Gov. Deal links Kia's success to Georgia's success as he visits the company's West Point plant.
Gov. Nathan Deal joined Byung Mo Ahn, group president and CEO for Kia Motors America and Kia Motors Manufacturing Georgia, at the company's West Point plant Wednesday to celebrate the growth and success at its first automotive manufacturing facility in the United States.
The occasion marked Deal's first official visit to KMMG since taking office.
"Kia's success is Georgia's success. KMMG has made an indelible and lasting impact on this state," said Deal. "We have a deep appreciation for Kia's continued investment in Georgia and for the vision of the company's leadership, which we have seen grow to fruition over the last seven years. The strong relationships that have developed between the company, the community and the state are a model for the kind of partnerships we strive for."
Kia announced in 2006 that Georgia would be the site of its first manufacturing site in North America. KMMG's production began in 2009 on the Sorento CUV, and the company announced in 2011 that it would add the Optima midsize sedan to its production line and increase its capacity in 2012 to 360,000 vehicles annually. KMMG has stated that it expects the number of jobs created by the company and its suppliers to amount to more than 10,000. A Georgia Tech study estimates the facility's economic impact to Georgia is approximately $4 billion per year.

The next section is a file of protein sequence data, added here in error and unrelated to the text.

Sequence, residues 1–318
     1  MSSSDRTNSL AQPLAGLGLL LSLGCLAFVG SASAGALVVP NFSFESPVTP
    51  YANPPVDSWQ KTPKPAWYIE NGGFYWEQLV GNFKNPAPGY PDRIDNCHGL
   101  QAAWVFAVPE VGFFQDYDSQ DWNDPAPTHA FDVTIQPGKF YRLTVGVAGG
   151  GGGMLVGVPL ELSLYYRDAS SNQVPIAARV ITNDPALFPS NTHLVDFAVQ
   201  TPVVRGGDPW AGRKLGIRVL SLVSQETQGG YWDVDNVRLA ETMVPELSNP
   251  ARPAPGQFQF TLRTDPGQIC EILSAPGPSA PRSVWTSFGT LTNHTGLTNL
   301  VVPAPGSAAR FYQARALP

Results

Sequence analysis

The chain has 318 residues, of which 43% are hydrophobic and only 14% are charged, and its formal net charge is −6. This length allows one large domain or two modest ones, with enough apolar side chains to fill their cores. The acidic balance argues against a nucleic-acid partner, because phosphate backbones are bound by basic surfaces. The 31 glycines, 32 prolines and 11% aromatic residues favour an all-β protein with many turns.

"We are honored to host the governor today and celebrate with him the outstanding success KMMG has enjoyed in Georgia, thanks to his leadership and the exceptional business environment the state has cultivated," said Kia executive Byung Mo Ahn. "Our pride in this facility is exceeded only by the pride we have in our committed and highly trained team members who have contributed so much to our accomplishments."
Georgia has been instrumental in helping Kia recruit and train its workforce. The state constructed and staffs a 70,000-square-foot training center on the Kia site, where Georgia Quick Start, the state's award-winning workforce training program, operates the curriculum and training courses it developed for plant employees.
"We not only care about companies locating or expanding in Georgia, we care about helping them succeed here," said Chris Cummiskey, commissioner of the Georgia Department of Economic Development. "Assets like the Georgia Ports and Hartsfield-Jackson Atlanta International Airport are important to a global company such as Kia, and part of our ongoing commitment to companies we work with is to be sure they are able to take full advantage of what our state has to offer."